Over my career as a VC at Bay Partners, I’ve had many people ask me how to become a venture capitalist. In fact, my son is enjoying a great career in the field. It may appear that all you need to do is give money away to startup companies. On the contrary, this type of work requires passion, gumption, intense work ethic, never-give-up attitude and a stick-to-it-ness through all of the ups and downs.
Venture Capitalist is not a traditional job. You’re not working for a big company, it’s not a small business – this work is different. You need to be comfortable to take the path less-travelled to be successful.
You’ve got to have patience with small companies and multiple changes in strategy. If you think you are going to be a venture capitalist, you also have to mix in a bit-of-crazy with some of these qualities and be a risk-taker to be successful.
Most importantly, you are investing other people’s money and you need to be good at it. It’s not a good idea to lose other people’s money.
Here are some of my tips for entering into this world
Although a lot of people assume that you need an MBA from a quality school, at Bay Partners, we often hire former founders or managers of smaller companies. Whether they were successful or not, a former founder tends to have a better sense of the real issues a company is facing.
Having an MBA is a bonus, but real-life experience is king. When I started my career, it was alongside three other first-time venture capitalist associates. They all had degrees from prestigious schools. I did not. What I had was a better understanding that we are in the business of people.
Failure is important in our world and I think that if you’ve had a failure in your career, it’s a good thing. I’ve had two failed venture-backed companies and a third startup that was just okay (return of capital). Just okay is not okay in the venture capital world. I fully believe that failure has a huge benefit for your perspective and skills.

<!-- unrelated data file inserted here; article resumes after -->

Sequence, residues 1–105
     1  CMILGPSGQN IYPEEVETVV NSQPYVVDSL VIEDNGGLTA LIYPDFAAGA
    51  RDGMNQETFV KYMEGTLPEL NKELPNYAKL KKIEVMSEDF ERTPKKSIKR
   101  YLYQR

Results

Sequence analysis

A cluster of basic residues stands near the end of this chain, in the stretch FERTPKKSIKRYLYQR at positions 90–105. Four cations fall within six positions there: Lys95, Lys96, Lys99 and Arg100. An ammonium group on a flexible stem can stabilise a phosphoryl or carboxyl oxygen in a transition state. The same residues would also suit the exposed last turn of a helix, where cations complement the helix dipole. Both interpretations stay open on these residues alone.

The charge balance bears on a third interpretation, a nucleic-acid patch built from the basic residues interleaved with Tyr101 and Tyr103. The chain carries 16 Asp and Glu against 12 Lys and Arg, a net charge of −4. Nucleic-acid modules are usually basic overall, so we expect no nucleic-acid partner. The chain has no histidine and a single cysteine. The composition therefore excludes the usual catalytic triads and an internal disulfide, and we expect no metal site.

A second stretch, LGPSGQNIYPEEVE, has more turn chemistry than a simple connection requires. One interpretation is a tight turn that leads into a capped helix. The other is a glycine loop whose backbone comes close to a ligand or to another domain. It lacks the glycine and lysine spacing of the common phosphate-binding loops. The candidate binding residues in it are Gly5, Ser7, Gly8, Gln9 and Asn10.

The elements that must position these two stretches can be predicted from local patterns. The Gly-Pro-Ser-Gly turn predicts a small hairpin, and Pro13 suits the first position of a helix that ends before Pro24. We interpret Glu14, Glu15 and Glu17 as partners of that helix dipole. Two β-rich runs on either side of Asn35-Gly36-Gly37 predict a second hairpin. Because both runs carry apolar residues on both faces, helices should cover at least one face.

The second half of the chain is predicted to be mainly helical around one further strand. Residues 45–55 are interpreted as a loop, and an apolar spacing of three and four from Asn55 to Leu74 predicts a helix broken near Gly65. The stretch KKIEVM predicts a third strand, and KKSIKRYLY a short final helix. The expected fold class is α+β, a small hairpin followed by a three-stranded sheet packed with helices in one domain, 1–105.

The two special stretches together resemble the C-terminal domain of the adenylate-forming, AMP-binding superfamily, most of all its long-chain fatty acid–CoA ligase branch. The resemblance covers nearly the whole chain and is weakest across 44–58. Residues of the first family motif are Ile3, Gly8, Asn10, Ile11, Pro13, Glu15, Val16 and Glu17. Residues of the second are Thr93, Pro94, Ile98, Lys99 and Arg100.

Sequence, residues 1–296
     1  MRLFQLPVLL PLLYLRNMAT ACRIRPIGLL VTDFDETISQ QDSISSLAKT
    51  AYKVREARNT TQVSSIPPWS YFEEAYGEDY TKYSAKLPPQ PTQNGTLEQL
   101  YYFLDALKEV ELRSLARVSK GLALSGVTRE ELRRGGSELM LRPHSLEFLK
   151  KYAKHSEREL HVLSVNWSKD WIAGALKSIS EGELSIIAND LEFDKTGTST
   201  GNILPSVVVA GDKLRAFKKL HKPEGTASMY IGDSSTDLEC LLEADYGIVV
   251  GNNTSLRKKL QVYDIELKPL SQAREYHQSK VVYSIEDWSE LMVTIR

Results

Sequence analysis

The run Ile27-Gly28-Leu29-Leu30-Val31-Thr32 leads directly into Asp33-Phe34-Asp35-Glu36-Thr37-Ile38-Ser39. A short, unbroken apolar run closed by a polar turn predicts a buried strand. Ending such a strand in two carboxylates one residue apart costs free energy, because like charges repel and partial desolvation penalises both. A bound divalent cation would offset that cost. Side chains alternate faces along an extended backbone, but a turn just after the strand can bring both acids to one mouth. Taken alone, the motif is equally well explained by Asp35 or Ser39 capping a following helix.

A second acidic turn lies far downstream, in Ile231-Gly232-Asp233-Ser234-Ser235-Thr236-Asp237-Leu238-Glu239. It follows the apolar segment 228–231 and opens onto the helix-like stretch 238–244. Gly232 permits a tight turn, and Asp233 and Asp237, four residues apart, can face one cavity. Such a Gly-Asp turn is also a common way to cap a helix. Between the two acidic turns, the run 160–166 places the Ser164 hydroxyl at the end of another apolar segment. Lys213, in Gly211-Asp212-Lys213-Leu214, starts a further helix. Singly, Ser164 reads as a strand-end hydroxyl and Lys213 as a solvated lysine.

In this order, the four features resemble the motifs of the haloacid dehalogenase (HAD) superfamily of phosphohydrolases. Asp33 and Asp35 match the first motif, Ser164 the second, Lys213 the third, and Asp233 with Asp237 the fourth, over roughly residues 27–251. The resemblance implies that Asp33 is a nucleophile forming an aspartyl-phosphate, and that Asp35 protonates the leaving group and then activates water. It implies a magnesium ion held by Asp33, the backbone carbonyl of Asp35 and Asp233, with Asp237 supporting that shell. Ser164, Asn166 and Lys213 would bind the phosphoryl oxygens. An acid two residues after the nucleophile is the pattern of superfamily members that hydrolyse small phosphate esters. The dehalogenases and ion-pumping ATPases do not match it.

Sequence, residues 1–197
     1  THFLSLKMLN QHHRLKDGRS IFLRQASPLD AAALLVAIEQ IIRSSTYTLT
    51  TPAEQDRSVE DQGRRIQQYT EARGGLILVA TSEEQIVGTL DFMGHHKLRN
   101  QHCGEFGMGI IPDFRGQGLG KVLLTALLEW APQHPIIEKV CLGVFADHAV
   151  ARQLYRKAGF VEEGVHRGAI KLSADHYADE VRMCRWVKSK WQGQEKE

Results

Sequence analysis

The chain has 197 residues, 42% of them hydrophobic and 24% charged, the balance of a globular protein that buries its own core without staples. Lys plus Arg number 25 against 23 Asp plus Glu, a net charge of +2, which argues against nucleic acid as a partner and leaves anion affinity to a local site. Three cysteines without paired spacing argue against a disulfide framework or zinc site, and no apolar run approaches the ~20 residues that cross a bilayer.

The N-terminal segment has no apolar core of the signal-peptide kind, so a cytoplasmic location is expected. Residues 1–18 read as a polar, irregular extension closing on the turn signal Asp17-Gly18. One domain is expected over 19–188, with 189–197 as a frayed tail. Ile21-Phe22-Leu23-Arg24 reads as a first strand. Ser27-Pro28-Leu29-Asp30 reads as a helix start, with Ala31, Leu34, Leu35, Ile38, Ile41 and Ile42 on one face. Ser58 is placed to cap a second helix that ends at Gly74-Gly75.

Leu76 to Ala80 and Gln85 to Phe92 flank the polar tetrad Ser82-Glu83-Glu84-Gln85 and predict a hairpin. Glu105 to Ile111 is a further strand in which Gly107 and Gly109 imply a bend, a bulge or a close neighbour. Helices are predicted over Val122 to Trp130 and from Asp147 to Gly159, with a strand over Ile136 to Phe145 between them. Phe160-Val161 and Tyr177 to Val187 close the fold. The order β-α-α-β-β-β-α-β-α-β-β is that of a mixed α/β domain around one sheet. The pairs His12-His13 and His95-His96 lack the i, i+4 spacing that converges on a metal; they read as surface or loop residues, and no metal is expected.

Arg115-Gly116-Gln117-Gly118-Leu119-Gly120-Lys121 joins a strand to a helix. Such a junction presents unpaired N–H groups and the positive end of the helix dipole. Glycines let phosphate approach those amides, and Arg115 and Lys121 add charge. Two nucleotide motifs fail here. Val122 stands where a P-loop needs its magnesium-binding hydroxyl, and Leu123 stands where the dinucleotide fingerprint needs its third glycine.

Interviewing and hiring new associates is always a big task, but it can be even more so for a VC Firm. You may convince one partner that you are the right hire, but then you will need to talk to the rest of the partners and convince them. This can take as long as six months and sometimes longer. Stick with it!
Candidates that hang around will be top priority when we finally get around to hiring someone. It is such a daunting task to go through the hiring process that it often doesn’t get the priority it should – but it’s important.
Our priorities are the companies that we manage, and although finding the right people for the firm is important too, as the candidate you need to live with this dichotomy. This is a long process but the benefit is that the more time you spend in it, the more you learn about the firm and the partners.
When You Get the Job:
When you get the job, you can’t be active enough. You must generate your own dealflow. You have to look at every resource to find the opportunity. It’s very competitive, you have to work your butt off to find a deal that makes sense.
You’ll have to get out on the road and have breakfasts, lunches, and dinners, attend conferences, go to all kinds of events, and interface with your fellow venture capitalists. You are basically working night and day to find deals. Then when you find that hot deal, you need to convince the entrepreneur that you are the right firm to give them money.